It’s time. It’s been coming for at least the last 9 months, but the time is finally here: I’m done. I’m quitting writing. Please understand, this is not said with the slightest trace of bitterness, regret, despair, or anger. A few days ago it might have been, but not now. Now it’s said with a sense of freedom, liberation – and excitement.

I’m growing up, you see. Learning that I’m the one in charge of my own life, and if I don’t take charge now, I’ll wake up forty-five with schoolkids, stuck in a rut I didn’t create for myself. I refuse to be a part of that future, and claiming my future means claiming my now. And my now of the last year or so involves far too much angst, over everything – evidenced by the fact that I saw the ear/now/throat surgeon yesterday, and while there are definitely operable structural issues (HOORAH, I WILL BE ABLE TO BREATHE), a large part of the problem is that I grind my teeth – and I grind my teeth because of stress.

It’s been a slow and gradual process, a culmination of many, many conversations and blog posts and things read and seen and observed. It’s knowing I spend far too much of my evenings on the computer; it’s knowing that I’m spending the majority of my time dealing with urgent and not important; it’s knowing that I can’t physically, mentally or emotionally cope with everything I’ve set up as ‘have to do’.

It’s being inspired by declutter blogs, finding the blogs of wonderful women who speak to the issues of my heart, who care about the things I care about, who struggle with the things I struggle with. It’s recognising the I want to spend more time being happy and less time being worried; it’s erasing ‘should’ and ‘have to’ from my vocabulary.

It’s learning to be kind to myself, to love myself, to recite love letters to my body every night as I towel off from my shower, to make time to relax, time to sit, time to breathe, time to be. It’s finding silence, finding the moment, finding me.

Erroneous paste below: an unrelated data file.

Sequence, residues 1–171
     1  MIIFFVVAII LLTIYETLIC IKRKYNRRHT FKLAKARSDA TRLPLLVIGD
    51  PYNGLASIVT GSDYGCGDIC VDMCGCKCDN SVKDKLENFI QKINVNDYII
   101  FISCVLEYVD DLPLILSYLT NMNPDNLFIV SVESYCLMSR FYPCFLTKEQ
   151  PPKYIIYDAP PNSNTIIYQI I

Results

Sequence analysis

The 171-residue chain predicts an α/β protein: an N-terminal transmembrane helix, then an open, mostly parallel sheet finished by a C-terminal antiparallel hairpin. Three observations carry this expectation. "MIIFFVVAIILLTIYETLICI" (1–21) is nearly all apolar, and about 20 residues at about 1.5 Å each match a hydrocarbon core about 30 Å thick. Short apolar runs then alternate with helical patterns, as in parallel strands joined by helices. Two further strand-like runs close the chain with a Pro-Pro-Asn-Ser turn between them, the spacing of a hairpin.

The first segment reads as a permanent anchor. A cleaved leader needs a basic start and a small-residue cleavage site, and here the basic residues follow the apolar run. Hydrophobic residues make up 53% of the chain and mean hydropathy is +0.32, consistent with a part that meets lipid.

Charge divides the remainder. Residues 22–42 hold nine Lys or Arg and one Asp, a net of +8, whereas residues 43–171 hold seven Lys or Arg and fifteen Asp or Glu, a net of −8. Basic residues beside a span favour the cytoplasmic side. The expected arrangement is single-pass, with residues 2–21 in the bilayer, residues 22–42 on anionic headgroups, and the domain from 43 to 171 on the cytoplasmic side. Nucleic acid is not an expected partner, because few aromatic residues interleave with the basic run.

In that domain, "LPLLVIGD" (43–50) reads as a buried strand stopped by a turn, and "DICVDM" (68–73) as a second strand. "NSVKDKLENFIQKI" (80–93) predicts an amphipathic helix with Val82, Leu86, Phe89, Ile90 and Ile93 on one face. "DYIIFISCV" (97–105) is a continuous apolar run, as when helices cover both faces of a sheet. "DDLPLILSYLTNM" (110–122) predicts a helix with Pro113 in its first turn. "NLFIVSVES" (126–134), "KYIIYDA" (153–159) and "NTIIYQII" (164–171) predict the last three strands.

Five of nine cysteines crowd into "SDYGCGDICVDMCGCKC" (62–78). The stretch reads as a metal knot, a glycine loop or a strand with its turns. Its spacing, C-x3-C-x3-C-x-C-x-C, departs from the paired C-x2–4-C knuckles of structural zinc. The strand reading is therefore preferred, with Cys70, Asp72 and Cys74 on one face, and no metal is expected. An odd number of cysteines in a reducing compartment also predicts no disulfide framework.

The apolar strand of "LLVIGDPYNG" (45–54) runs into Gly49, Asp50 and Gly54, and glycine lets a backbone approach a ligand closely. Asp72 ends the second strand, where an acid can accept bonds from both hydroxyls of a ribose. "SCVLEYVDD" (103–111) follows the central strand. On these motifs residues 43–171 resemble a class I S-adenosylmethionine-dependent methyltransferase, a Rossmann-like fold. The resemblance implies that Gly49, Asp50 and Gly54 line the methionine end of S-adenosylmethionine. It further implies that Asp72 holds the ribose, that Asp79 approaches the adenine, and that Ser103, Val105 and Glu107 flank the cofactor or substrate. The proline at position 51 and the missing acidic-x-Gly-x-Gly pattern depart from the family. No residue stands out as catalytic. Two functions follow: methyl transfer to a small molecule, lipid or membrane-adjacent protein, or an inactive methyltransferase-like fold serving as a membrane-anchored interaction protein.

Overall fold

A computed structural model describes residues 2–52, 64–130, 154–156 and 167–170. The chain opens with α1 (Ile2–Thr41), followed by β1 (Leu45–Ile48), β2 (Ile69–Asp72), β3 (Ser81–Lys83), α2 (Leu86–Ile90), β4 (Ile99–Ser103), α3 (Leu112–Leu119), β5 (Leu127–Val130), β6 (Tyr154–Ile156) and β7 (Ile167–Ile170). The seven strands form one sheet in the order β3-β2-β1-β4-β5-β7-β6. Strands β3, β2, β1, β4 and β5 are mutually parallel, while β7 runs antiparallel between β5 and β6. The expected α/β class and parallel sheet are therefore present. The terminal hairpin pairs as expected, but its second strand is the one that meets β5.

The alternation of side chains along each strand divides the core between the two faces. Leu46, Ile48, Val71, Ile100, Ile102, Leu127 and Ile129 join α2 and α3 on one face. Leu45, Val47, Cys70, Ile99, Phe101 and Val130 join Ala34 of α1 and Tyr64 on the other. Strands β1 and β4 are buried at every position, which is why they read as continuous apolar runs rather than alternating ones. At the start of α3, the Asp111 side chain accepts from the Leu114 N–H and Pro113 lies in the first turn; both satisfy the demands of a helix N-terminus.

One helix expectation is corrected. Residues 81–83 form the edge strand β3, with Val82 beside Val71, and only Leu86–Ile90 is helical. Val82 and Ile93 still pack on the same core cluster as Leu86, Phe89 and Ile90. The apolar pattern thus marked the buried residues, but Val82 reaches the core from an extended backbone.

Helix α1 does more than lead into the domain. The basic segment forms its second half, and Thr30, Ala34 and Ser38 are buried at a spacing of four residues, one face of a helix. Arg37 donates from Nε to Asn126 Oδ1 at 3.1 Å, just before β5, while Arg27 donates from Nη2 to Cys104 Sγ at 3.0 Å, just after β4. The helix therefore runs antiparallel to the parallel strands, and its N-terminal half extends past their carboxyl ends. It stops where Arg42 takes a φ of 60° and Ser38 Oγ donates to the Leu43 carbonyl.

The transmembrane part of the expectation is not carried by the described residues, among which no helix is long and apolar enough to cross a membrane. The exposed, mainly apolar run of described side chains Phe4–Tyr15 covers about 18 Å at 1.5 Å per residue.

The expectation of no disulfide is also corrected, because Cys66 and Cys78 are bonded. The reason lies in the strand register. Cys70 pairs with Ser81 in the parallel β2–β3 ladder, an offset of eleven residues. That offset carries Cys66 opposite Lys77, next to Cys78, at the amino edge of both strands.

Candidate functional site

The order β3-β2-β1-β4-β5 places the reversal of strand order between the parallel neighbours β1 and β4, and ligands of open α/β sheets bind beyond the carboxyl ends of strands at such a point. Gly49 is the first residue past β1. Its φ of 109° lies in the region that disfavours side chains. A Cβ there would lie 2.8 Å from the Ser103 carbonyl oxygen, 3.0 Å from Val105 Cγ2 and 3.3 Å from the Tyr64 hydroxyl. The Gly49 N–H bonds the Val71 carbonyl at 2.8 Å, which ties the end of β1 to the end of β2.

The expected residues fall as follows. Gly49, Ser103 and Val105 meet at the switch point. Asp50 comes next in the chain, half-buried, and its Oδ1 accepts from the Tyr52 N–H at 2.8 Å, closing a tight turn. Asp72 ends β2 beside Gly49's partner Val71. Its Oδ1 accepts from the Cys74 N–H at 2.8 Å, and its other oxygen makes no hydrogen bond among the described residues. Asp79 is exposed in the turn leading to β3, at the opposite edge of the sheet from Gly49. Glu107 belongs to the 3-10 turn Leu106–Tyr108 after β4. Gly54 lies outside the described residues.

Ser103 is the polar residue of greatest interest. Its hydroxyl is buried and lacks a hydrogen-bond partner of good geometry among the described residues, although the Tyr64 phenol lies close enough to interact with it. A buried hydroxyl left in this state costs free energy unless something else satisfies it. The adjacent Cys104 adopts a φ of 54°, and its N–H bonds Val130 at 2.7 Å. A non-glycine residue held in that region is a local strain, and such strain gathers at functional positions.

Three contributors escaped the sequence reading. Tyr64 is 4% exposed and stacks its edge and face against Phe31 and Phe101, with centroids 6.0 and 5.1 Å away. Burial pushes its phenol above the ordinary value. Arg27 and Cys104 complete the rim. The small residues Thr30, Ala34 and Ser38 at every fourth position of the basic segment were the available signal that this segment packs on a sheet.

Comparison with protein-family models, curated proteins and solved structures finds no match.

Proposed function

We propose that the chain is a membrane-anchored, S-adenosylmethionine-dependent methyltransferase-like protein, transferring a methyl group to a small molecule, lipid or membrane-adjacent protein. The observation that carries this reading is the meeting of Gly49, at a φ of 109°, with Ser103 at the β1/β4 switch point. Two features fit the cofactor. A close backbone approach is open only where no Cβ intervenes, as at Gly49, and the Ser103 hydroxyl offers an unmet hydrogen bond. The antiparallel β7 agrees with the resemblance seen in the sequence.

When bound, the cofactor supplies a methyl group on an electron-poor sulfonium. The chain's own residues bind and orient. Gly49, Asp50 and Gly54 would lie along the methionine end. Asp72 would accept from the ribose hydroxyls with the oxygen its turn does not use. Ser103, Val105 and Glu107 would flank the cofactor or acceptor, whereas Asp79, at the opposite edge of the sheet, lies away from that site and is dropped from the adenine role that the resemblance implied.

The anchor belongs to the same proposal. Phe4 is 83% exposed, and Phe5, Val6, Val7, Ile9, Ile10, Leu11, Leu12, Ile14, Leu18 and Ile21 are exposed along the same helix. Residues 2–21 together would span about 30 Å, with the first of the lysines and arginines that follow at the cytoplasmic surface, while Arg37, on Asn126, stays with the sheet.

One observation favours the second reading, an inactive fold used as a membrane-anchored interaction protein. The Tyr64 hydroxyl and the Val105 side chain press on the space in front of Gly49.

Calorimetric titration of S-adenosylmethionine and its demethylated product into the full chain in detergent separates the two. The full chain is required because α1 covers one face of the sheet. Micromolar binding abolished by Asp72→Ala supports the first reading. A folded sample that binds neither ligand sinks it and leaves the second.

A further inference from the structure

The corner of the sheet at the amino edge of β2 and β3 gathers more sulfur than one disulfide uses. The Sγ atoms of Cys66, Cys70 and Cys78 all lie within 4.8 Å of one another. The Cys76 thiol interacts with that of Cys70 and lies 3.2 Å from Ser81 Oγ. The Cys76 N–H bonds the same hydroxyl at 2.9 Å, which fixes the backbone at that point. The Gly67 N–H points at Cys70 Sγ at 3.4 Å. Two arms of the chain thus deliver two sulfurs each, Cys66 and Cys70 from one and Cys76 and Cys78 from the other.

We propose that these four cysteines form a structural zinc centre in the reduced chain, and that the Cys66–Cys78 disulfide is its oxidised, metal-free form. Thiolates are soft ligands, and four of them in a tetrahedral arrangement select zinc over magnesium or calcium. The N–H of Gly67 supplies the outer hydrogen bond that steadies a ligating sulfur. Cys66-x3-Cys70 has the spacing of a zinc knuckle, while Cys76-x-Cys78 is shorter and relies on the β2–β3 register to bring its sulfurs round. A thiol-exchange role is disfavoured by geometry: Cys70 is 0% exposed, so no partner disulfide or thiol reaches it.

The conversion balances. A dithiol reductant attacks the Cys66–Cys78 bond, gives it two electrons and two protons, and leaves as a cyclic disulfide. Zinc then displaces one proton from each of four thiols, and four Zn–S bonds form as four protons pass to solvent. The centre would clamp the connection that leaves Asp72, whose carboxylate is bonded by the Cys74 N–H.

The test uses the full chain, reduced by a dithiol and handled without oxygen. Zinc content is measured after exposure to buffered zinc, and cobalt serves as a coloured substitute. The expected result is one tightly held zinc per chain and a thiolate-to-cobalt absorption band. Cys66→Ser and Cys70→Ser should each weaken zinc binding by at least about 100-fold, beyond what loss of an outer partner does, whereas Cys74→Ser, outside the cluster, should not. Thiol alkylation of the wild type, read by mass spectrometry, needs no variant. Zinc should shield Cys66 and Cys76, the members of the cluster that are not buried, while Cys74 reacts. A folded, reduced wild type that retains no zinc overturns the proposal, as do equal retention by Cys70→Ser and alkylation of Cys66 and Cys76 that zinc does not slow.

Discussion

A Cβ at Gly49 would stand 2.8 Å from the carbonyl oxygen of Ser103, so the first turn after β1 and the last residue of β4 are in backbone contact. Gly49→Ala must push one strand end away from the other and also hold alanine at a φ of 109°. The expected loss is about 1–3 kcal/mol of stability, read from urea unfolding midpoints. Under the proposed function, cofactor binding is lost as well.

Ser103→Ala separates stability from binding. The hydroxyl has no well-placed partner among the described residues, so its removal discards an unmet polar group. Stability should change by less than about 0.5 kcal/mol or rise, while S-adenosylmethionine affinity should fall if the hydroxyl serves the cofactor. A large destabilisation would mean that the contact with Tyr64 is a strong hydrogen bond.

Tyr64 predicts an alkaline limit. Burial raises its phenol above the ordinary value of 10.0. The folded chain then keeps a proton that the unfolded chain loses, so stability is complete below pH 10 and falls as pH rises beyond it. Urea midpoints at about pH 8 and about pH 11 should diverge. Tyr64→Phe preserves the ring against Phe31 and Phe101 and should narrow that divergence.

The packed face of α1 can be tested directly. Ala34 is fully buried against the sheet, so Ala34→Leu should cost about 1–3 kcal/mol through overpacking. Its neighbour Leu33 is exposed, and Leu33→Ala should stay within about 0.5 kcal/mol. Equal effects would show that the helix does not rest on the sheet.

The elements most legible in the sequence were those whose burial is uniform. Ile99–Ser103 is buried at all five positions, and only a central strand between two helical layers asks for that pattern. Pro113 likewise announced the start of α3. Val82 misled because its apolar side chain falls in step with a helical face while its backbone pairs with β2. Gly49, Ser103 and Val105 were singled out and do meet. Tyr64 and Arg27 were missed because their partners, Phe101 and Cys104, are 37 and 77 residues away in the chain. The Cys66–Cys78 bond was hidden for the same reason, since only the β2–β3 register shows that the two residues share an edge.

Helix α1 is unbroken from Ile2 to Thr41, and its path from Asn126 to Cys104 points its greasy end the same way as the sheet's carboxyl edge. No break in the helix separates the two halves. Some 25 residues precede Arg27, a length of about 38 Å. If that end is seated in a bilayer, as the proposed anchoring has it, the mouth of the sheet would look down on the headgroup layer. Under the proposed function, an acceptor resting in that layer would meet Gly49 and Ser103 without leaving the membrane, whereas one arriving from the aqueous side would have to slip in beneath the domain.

It’s finally, finally, finally, being set free from everyone else expectations, real, imagined, whatever. It’s learning to see how I measure up to my own expectations, my real, personal, own ones, not the ones that life has forced onto me. It’s laughing more, smiling more, running more, even though I get sweaty and bright red and the ungainly bits of me bounce. After all, sweat is the skin’s best cleanser, right?

Most of all, it’s learning about what makes me me. I’m quitting writing because I need silence, this kind of silence, and at the moment my world is full of words from first-breath to last-breath, and I can’t hear who I am through the noise.

It’s not a break, because that implies a specific intent to return. But it’s not necessarily forever-quitting. I love stories, I live stories, I breathe stories. I may be back. But if I am, it will be because I’ve remembered how to love writing – and not because I need yet another way to measure my worth in terms of thing done, quantity acheive, how quickly I can master something.

I was scared to quit for so long, because my house is littered with ‘Amy projects’, things started and incomplete after the first fervour of passion has died away. But it has finally occurred to me that all things in life are not equal. I’ve never quit things to do with my work, my family, my God. So if I start hobbies and drop them much like college boys change their underwear, SO REALLY WHAT? All it means is that I’m creative, doncha know? O:) 😀

So. I’m still going to be blogging, but it won’t be here, because I won’t be blogging about writing and there’s bound to be a whole truckload of TMI. If you’re interested in following me to my new home, there’s contact tab just up there ^ on the blog. Shoot me something – email, tweet, FB, whatevs – and let me know, and I’ll give you the address.

Otherwise, thank you. Thank you for sticking it out with me this long, for watching me mature and grow in my writing – and my life. Thank you, because even though I don’t know most of you, it’s amazing to know that there are people out there reading what I’m writing, that I’m not talking to a void. So thank you.

I have a few books that I collected to give away on here, so I’ll do that before the end of the week. There is also one or two more posts already scheduled, so I’ll let those post too. But other than that, this is it: the end of an era. I’m going to wave goodbye, close the door, and leave you all to party. Last one out switch off the lights, m’kay?

~Amy.